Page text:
Asghar Farhadi’s fair and balanced examination of a crumbling marriage (two crumbling marriages, really) is a tremendous accomplishment. Farhadi deals in ethics, morality, sexism, secrets and a lot of lies. He’s certainly got the cast to pull all of that off. His Oscar-winner shows empathy for all his middle-class and working-class Iranian characters and finds fascinating peel-back-the-layers ways to show the humanity in all of them. A Separation is also an unusual courtroom movie that doesn’t rely on big acting moments in a mahogany-filled room. So don’t shove people out of your apartment or accuse them of petty theft. Just settle in for the 392nd Ellises’ Analysis, but forgive us off the bat for how we butchered Iranian names as badly as we did.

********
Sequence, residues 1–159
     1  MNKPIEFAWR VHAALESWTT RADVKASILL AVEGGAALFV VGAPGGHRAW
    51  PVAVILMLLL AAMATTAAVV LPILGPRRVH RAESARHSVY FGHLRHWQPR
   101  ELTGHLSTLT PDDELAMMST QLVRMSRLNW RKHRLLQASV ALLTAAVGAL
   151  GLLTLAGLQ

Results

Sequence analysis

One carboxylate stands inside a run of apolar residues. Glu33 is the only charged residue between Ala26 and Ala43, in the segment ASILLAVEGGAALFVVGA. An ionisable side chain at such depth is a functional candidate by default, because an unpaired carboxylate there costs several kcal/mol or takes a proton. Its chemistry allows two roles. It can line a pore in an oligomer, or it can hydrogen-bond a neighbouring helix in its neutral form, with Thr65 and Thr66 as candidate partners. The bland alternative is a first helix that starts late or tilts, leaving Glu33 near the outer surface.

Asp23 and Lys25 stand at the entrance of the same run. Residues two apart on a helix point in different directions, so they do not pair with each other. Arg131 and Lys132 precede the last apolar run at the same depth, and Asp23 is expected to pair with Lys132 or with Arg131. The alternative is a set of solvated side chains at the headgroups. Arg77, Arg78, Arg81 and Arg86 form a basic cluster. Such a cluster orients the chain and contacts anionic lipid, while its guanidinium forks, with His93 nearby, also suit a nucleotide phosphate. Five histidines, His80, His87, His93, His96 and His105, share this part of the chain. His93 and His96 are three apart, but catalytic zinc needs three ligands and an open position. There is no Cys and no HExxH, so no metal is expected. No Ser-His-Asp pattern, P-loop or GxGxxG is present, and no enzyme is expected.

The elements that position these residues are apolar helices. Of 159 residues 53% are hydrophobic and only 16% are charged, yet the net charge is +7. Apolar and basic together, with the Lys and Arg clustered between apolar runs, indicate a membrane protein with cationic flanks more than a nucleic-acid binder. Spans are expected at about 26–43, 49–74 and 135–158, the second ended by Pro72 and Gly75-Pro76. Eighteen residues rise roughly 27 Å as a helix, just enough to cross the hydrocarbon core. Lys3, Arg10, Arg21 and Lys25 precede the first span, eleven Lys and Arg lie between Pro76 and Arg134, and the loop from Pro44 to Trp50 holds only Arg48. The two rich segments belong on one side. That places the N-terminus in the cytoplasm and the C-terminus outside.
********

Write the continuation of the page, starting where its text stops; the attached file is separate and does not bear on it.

Well, Actually: According to the IMDb, they’re speaking Persian in this film, not Farsi or Urdu.
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Ryan debates the merits of sports films over on Scoring At The Movies
Previously on The Ellises’ Analysis: Young Adult
May 17th on The Ellises’ Analysis: Shrek